And, of course, conventions. For a while I gave the presentations at Envoy Appreciation Nights, which were always one of my favorite things to do, hands-down. That and just talking to people in the booth about our games are some of the best things I did at WizKids.
The Le: How did you get into the industry?
Jason Mical: I've been playing games ever since I was knee high to a grasshopper. Game night was always a big part of my family interaction. I have distinct memories of playing Candy Land in the first house I lived in, which meant I was about three or four years old when I started, maybe even younger. We also had a TI-99/4A computer, so I had a dose of video games and BASIC programming early as well. A lot of my formative years were spent with Sierra and Lucasarts adventure games, and with Lone Wolf and AD&D books. I wasn't exactly your typical nerd, I was active in marching band (which in Oklahoma is a full-time sport and as highly-regarded as football), but if you gave me the choice between binge drinking at someone's house while their parents were away or playing in our D&D game, I'd go for the second every time.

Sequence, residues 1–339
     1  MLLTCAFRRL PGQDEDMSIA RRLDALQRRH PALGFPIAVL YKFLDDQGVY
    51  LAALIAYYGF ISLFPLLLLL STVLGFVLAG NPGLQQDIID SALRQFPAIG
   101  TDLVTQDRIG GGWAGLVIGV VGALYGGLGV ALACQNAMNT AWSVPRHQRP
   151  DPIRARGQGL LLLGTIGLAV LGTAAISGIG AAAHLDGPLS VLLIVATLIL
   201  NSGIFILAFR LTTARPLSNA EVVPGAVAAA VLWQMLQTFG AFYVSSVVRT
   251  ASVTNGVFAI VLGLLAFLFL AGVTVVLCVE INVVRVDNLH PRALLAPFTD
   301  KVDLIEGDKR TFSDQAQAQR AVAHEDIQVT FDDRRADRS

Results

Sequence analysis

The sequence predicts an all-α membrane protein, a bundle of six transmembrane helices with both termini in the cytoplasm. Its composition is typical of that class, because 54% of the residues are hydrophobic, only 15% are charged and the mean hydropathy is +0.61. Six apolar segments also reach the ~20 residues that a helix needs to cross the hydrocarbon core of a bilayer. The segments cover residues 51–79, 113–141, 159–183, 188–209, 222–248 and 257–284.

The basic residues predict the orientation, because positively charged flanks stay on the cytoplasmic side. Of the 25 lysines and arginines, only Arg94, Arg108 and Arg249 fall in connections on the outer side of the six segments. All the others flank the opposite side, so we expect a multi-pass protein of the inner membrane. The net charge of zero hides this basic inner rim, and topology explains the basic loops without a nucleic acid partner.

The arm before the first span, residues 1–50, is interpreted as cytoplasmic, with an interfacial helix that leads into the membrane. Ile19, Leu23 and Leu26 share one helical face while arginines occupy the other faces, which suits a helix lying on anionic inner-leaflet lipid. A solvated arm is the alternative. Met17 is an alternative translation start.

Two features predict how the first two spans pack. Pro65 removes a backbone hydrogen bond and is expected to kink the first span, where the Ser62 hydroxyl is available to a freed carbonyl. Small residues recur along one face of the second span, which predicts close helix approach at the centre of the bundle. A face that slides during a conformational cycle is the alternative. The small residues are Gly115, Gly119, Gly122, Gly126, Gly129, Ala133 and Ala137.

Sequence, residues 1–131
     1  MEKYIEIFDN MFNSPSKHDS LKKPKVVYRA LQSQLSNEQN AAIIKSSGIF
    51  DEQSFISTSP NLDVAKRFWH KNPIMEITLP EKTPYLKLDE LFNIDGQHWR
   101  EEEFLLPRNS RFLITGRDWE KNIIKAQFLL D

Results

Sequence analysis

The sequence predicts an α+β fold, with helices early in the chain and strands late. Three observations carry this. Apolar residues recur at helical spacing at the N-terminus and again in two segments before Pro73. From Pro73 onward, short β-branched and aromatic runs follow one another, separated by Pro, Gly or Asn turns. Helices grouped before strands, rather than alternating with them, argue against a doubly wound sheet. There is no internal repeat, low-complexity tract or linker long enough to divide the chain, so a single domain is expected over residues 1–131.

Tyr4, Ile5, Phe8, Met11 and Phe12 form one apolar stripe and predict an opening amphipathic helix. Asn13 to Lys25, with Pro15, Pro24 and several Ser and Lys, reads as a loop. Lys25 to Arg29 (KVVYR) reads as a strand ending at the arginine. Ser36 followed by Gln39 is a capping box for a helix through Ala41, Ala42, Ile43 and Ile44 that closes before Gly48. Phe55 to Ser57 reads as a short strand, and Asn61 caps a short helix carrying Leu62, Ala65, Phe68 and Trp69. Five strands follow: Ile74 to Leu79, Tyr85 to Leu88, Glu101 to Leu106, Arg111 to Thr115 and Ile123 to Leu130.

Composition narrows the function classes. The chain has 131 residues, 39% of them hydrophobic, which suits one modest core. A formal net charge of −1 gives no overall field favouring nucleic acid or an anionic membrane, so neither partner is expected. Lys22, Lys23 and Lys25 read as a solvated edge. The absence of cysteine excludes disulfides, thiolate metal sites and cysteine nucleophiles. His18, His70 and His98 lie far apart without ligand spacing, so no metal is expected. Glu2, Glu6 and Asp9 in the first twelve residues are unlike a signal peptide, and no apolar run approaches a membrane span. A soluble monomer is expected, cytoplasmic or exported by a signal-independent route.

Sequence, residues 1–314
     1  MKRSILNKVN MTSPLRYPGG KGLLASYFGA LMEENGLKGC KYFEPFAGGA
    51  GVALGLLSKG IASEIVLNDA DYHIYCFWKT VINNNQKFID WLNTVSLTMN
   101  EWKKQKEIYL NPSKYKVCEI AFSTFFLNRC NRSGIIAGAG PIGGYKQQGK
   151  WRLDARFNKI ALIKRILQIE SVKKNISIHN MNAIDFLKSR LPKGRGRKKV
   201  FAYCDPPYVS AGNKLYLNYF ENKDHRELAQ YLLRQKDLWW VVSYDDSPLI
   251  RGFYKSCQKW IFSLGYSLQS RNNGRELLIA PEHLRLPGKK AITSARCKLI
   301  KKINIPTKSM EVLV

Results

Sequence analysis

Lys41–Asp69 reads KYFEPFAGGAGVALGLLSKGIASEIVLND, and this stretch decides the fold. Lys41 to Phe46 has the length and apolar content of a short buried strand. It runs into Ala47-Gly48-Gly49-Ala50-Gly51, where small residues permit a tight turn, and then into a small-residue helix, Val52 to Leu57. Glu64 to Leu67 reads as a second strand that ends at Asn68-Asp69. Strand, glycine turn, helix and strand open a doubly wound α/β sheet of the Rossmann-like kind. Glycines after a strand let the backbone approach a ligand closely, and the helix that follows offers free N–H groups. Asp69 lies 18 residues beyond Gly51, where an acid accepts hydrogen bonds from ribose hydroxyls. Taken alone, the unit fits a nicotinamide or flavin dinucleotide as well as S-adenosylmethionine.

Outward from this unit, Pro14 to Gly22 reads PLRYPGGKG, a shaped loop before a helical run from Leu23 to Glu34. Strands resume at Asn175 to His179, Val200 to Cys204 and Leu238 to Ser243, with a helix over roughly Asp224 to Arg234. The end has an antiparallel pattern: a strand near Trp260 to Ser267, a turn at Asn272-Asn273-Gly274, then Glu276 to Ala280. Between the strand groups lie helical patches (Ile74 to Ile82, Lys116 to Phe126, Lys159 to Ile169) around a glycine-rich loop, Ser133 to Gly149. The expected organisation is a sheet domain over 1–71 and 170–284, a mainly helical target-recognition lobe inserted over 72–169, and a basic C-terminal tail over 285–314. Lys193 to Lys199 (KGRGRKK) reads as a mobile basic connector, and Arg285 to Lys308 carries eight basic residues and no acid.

After college I was working as a social worker and a freelance writer, trying to build a writing portfolio in my free time and make the writing thing work full-time. I got back into comic books around then and was familiar with Mage Knight because some of the guys in my D&D group played it (I admit my first experience with it was very negative!) One day I went into the comic shop and Doug, my comic guy, showed me HeroClix the day it came out. I bought an Infinity Challenge starter and ended up playing in the Marquee event a couple of weeks later, and I started playing regularly at a couple of venues in Tulsa after that. There was one that was very competitive, and another that was much more focused on fun - and the crowds were different too. The competitive group was more teenagers and 'gamers,' the fun group was more comic book fans. I much preferred the second group.